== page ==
(Actually, he doesn’t, but if he did, this is some of what I would like to hear him say)
Good evening, ladies and gentlemen.
I want to speak to you about today’s appeal court verdict.
I have been reflecting not only on my own situation, and those of my alleged victims, but also the situation of all victims of clergy abuse, and of the Catholic Church itself. Today’s verdict has crystalllised those thoughts.
The Church has been gravely damaged by this scandal, and has to date been slow and reluctant to redeem herself and make proper redress. Regrettably that continues to be the case. The forces of resistance, of whom I regret I once was one, are still strong, and little appears to be changing.
Meanwhile the agony of the victims goes on.
I have asked myself, what can I do that might be of some small help to those victims, and to the church as a whole?
Whilst I do not admit any guilt in the matters lately before the appeal court, I will now abandon all further avenues of appeal, and serve out my sentence in full. I will not seek nor accept remission, nor will I apply for parole.
To do these things may in some small measure help ease the burden on the survivors of the abuse that happened in my church, in my diocese, on my watch. For those things, I accept and admit my guilt, and hope to spare those survivors any additional pain.
Christians are called upon to emulate Christ in our lives. I am ashamed to admit that until now I have failed miserably. I have been proud. I have been haughty. I have sought and attained high office, which I used to impose my will, and not Christ’s, on clergy and laity alike.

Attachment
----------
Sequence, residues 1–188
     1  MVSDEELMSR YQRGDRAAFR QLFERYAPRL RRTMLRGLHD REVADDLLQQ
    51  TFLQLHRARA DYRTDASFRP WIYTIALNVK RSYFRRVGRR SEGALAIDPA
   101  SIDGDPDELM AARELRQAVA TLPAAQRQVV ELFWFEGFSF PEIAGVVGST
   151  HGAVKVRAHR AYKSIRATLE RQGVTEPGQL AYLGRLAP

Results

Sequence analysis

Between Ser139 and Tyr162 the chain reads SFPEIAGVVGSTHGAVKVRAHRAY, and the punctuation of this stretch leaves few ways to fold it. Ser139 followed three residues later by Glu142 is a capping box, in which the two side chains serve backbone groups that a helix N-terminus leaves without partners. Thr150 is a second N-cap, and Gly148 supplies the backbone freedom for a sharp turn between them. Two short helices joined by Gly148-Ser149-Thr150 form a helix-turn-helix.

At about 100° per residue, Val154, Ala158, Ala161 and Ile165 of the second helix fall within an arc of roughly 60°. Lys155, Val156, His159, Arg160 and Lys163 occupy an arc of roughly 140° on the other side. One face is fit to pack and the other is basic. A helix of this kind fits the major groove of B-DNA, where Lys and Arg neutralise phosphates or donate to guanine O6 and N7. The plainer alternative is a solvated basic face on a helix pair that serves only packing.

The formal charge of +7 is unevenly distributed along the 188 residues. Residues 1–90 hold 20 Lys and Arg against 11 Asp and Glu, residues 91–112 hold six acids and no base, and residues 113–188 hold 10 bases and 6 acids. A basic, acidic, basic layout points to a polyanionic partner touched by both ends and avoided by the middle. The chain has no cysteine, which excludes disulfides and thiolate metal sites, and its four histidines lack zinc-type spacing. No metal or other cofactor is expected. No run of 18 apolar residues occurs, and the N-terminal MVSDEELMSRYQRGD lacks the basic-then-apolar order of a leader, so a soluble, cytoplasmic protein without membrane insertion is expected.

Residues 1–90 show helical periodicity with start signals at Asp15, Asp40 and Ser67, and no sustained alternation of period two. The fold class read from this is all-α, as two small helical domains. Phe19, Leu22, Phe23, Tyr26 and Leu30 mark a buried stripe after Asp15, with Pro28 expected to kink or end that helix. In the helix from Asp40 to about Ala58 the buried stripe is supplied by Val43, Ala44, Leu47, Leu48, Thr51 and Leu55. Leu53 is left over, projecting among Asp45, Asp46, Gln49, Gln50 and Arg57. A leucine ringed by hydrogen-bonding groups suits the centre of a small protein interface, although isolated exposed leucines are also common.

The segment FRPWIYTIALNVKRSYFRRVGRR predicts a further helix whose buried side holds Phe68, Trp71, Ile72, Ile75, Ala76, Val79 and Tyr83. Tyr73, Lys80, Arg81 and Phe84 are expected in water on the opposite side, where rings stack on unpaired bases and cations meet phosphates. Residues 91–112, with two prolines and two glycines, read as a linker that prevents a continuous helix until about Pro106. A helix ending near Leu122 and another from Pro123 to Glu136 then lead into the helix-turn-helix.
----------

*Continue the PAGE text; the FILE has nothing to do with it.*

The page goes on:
I have been a Pharisee, so blinded by obedience to the letter of the law that I have utterly failed to embody its spirit. I am deeply sorry.
For these reasons I accept my punishment and incarceration, not just for the good of my own soul, but also on behalf of the church that I sought to mould in my own image, rather than that of our Lord and Saviour.
It is no longer within my power to pay the redress that ought to be paid to all the church’s victims for the things that were done to them on my watch.
But I have instructed my lawyers not to defend the actions being brought against me in civil court, to liquidate whatever assets I may have, and to gather together all funds that have been raised for my defence, and use all this to compensate those who have been wrong. In the same spirit, I have asked them to forgo their own fees.
I urge the church also not to fight these cases on my behalf, but to offer no defence.
I have also written to the Pope asking to be relieved of all church offices, including the priesthood itself, of which I am not worthy.
May the Lord be with you. And, I dare to hope, in time, with me also.